Tag Archives: Social Media

The psychology secret to Zynga’s success (now valued at $10 Billion!)

SCap_ 2011-02-23_42OK, so Facebook game maker Zynga is raising additional money at a $10 BILLION valuation. One would hope that that’s enough to make anyone’s ears prick up…

So how did they get here: By understanding something about human psychology, and then HACKING it for all its worth.

1) Addict people with SIMPLE, low learning-curve games, that 2) are social in the way you might have played certain board games in real life in the past, and that 3) have Irregular Reward Schedules (these are the most addicting forms of behavioral reinforcers, read up on your Behaviorism 101…).

THEN, 4) offer them little ways to essentially cheat in the games (making things go more smoothlyfor you), that 5) can be purchased for amounts that fall within the Impulse Purchase threshold, i.e. below the price level where your conscious mind kicks in fully and begins to wonder whether this is really a good idea, asf.

Read the following quote at least 3 times to yourself: “Zynga makes all its money selling virtual goods…Tiny amounts of money make the games progress faster.” (From Business Insider.) If you get it, you’ll know that tons of companies have been neglecting/violating the lessons therein to their considerable detriment.

I just argued yesterday that Sony is making a huge mistake by not going the $1/month route for complete/unlimited streaming music access with their new offering:

Another example that I saw just yesterday: Clever Twitter service “Buffer” ( @bufferapp ), which allows you to in essence do a bit.ly-like bookmarklet share to Twitter WITH automatic posting throttling/buffering built-in, so that your tweets are dripped out over time even though you can batch collect them all at once over, say, your morning blog reading hour:

All great, except that they are mispricing their premium levels very badly: 10 tweets in buffer, 3 tweets a day is Free. $5/month for 50 tweets in buffer, 10 tweets/day dripped, and $30/month (crazy…!?) for all unlimited is simply not going to work for them IMO. [See: http://www.bufferapp.com/pricing ]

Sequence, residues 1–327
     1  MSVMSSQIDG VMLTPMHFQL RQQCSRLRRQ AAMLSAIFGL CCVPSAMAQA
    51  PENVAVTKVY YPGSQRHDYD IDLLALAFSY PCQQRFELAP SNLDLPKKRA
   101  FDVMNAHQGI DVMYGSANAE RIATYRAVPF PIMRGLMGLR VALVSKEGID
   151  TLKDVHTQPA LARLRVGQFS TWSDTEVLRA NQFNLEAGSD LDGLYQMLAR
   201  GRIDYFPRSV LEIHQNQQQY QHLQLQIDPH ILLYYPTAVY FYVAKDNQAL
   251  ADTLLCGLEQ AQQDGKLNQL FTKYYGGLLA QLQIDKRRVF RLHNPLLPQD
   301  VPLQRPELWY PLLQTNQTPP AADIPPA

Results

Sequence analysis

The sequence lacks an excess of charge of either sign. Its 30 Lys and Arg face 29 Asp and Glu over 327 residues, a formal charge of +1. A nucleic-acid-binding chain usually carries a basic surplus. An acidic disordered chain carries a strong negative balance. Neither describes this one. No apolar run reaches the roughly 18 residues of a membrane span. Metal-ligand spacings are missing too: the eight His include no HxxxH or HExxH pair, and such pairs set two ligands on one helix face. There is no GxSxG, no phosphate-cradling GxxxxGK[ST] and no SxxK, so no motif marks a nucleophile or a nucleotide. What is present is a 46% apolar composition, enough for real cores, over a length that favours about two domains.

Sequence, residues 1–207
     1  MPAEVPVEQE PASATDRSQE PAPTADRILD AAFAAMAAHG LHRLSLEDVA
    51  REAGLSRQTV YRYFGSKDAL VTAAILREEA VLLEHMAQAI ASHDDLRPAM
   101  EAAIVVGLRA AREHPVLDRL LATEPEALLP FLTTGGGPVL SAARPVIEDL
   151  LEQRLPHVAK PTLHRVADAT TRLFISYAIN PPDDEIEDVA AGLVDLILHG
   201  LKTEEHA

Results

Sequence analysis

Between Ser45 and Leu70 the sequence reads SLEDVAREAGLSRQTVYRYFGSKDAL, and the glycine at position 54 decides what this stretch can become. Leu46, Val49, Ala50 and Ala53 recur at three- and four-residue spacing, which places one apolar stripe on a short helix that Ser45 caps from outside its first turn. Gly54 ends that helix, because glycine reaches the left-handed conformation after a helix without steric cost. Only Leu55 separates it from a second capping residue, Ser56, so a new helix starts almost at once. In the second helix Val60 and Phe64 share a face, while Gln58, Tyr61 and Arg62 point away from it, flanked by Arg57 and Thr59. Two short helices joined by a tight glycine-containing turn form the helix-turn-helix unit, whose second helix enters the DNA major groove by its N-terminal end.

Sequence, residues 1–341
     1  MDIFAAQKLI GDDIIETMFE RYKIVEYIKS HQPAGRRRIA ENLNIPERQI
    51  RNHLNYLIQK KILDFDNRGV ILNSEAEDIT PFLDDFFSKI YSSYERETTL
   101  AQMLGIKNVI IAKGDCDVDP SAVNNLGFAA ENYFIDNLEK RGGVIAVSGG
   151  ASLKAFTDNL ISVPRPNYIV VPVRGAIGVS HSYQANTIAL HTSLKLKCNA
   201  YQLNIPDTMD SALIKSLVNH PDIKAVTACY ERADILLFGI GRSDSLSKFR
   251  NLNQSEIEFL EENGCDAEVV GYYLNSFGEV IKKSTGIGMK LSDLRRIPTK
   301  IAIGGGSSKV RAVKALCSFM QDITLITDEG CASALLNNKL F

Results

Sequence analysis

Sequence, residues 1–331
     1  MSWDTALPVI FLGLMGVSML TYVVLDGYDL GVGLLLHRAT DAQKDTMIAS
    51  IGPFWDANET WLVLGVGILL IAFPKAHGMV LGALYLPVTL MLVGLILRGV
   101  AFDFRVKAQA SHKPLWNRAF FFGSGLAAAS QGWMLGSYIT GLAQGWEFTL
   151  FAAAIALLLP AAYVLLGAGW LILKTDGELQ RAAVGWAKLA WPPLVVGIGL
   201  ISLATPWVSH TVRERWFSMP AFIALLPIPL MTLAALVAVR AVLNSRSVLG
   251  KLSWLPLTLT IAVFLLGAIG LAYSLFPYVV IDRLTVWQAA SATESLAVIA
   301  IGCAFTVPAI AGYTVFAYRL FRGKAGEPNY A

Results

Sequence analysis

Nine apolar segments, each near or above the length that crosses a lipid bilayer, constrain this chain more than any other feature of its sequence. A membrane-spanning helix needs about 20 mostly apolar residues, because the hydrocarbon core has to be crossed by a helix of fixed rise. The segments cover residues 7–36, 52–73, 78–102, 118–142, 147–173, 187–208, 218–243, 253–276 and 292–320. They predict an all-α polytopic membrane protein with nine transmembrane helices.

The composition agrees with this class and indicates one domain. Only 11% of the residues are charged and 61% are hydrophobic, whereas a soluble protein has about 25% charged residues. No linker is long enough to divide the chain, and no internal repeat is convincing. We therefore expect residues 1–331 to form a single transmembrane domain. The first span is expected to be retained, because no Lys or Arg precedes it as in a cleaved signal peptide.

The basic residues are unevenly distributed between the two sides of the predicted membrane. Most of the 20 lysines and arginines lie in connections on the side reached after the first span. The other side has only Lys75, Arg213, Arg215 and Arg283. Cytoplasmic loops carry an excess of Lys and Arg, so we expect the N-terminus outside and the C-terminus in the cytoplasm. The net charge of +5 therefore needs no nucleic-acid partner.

$5/month is outside of impulse purchase range, while $1/month = Bingo! Sold! At $5, your mind is beginning to ask: Do I really need this? Is it worth it? Can I justify it directly via increased ROI? Where/how am I even going to measure this ROI?

All questions that you DON’T WANT your prospective customer asking at the entry point!! Which is exactly what Zynga has realized so brilliantly, and to such obvious success. The proof of the (psych) pudding is still in the eating… Zynga: “Would you like to improve your position in this game you are already playing for 10 cents?” – Unconscious Mind: “You bet I would.”

Which brings me to another of my pet points about successful online advertising/selling: Offer people only things which make sense in the context of what they were ALREADY doing. In this case, don’t try to offer them after shave, bracelets, or cars while they are playing Farmville, offer them something to do with Farmville!

Disclosure: I don’t play Farmville or CityVille, and have never tossed sheep or vampires at my Facebook friends. I do however study these phenomena very closely… :)

No matter what your message, this is what you’re up against

Mind boggling, isn’t it?

So the question is, how can your message, product, or service break through the noise?

I found this great Social Media counter widget in Jim Long’s (AKA @NewMediaJim on Twitter) thoughtful post The End of Innocence – Why Social Media Is the New Corporate Media, where he writes:

As social media has matured, I get the sense that […] now we’re back to where we once were. Brands just want access to us and the transaction remains the same.  Look, I understand that companies need to make money and that investors need to get returns […]. But I’m struck by the rapacious speed with which social media, its adherents, and platforms are pursuing the buck. Ironic to me, considering that it was dissatisfaction with traditional media and “push” advertising that in many respects gave rise to social media.